Jens Zimmermann: Human Flourishing in a Technological World: The First Year

Jens Zimmermann: Human Flourishing in a Technological World: The First Year November 16, 2018

Framing the Project (with the help of Karl Jaspers):

In his quest for a new humanism after the disenchantment with European civilization in the wake of World War II, the German philosopher Karl Jaspers raised three questions that help frame our project on human flourishing in a technological world. His questions were these: “First we ask: what is the human being as such? (Was ist der Mensch überhaupt?). Second: what current, concrete historical conditions [faktische Bedingungen] determine our humanity [Menschsein] today? Third, we inquire into our own way of describing humanism, knowing well that it is not the only humanism around.”[1]

Taking our cue from Jaspers, the task for our first meeting was to discuss plausible views of “the human being as such” in light of our historical moment, a moment defined by an unprecedented, near ubiquitous, presence and proliferation of technology. We want to ask about the impact of technology on anthropology, that is, how our inhabiting a technological world affects our understanding of human nature and the practical consequences these changes bring about.

Jaspers also helps us with his insistence on transcendence. He is adamant that human freedom, true self-knowledge, and consequently authentic existence require a transcendent source of meaning. On this score, at least, he and Heidegger, who did not agree on much else, did agree in rejecting the solipsistic starting point of the Cartesian subject that also fueled Jean-Paul Sartre’s existentialist humanism: without transcendent limit to our reason, self-knowledge will be navel-gazing and laws that govern human behavior will have no final authority. To paraphrase slightly Heidegger’s criticism of Sartre: If we made it, we can change it. Equally detrimental to objective self-understanding are totalizing myths or narratives for human identity. Jaspers, whose wife was Jewish, lived for many years in constant fear of the Nazis and experienced first-hand the power of Germanic myth making geared toward the dominance of a master Aryan race, a mythology that contained a good dose of naturalism aimed at selective breeding. Against subjectivism and naturalism, Jaspers insisted that only a transcendent source of meaning, the kind of source religion calls God, could ensure true freedom and emancipation from self-delusion.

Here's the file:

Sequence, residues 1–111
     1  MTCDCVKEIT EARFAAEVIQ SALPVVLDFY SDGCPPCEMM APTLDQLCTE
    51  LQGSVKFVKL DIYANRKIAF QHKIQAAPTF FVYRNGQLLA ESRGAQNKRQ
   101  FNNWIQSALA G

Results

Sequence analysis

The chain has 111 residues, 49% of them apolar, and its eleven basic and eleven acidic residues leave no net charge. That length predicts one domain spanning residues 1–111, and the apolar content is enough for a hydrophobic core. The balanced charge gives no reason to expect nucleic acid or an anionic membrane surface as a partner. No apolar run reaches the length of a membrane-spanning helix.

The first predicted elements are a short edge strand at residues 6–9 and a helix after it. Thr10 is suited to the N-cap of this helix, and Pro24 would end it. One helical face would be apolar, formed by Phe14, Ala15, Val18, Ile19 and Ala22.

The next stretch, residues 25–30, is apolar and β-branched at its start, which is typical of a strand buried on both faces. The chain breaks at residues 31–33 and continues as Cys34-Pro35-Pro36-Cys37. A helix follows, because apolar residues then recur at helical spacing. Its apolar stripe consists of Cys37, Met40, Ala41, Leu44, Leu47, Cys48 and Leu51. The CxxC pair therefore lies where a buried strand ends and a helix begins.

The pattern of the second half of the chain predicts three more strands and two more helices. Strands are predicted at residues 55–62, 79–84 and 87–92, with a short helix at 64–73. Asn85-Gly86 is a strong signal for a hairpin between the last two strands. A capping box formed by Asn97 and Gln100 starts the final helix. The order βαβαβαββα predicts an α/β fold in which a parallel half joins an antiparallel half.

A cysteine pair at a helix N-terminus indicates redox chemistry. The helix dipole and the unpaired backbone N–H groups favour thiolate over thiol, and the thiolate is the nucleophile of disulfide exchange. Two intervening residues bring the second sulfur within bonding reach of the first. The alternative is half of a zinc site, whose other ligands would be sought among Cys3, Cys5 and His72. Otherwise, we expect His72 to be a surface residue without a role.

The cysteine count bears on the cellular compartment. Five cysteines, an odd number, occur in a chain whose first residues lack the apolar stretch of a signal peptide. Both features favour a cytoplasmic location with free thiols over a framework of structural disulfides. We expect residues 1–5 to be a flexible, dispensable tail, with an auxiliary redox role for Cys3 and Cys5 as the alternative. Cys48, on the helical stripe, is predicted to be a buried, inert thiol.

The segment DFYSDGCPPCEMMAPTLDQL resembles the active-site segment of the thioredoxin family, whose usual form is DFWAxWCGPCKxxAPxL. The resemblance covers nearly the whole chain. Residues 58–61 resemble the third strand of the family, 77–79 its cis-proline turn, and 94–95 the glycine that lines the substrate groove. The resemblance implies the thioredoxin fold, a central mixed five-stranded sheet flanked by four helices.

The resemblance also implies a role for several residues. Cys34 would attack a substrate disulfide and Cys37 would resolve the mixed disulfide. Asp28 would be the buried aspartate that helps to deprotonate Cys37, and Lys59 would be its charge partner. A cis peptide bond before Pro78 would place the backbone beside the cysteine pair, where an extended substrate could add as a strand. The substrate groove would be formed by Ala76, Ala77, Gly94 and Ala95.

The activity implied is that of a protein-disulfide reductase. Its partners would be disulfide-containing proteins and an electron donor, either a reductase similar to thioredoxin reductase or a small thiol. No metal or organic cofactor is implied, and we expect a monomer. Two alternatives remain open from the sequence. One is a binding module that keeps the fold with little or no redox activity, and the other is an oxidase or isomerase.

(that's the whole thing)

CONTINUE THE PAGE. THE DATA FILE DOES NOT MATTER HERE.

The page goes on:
More recently, the Canadian philosopher Charles Taylor has made the similar point that a truly human existence requires what he calls “horizons of significance” that are not self-constructed. For Jaspers, the insistence on a transcendent source of meaning unites “religions based on revelation and philosophy” against naturalism and any other form of subjectivism.[2] In tying the quest for a new humanism to the question of transcendence, Jaspers reminds us that individualism and instrumental reason, together with the eclipse of higher ends necessary for human flourishing, stem from the loss of the kind of participatory ontology common to the ancient world. For our project, we should keep in mind this loss and also remain attentive to the philosophical-theological approaches that help overcome this separation of mind and being.

Clearly, Jasper’s insistence on transcendence is congenial for those of us interested in theological anthropology, and especially Christian anthropology rooted in God’s becoming human. For Jaspers also stresses the importance of history and education, two emphases also native to a properly Christian (incarnational) view of human knowing. For Jaspers, our collective knowledge about transcendence is sedimented in tradition and entering the conversation about transcendence requires education. He believed that the greatest problem for recovering a proper understanding of what it means to be human was “the loss of a common societal base knowledge,” consisting of “an ordered totality of concepts and symbols,” he considered fundamental to being human.[3] Jaspers therefore offers us the useful reminder of how important it will be to gauge how technology affects the nature of education and our dependence on tradition. Does technology and the kind of consciousness it facilitates help or hinder society to retain a collective memory of transcendence and develop a common base knowledge on what it means to be human?

Shared Anthropological Assumption(s)

The great potential, and also the risk, of our working group lies in the different disciplinary approaches and personal convictions that influence responses to the question of human flourishing in a technological world. All of us as philosophers, theologians, biologists, or physicians will approach our topic with convictions shaped by “control beliefs” (or, if one prefers, by interpretive frameworks) comprising a combination of disciplinary habits and metaphysical convictions about reality. Such differences notwithstanding, our group rejects the Cartesian split between mind and body/consciousness and being that undergirds the modern subject and is still operative – despite a long history of critiques from the early 20th century onward (especially within the phenomenological tradition after Husserl) – in popular conceptions of science, verifiable truth, and transhumanist models of consciousness.[4]

Along with this disembodied rationalism, we also reject the reduction of consciousness to brain matter commonly referred to as naturalism or reductive physicalism.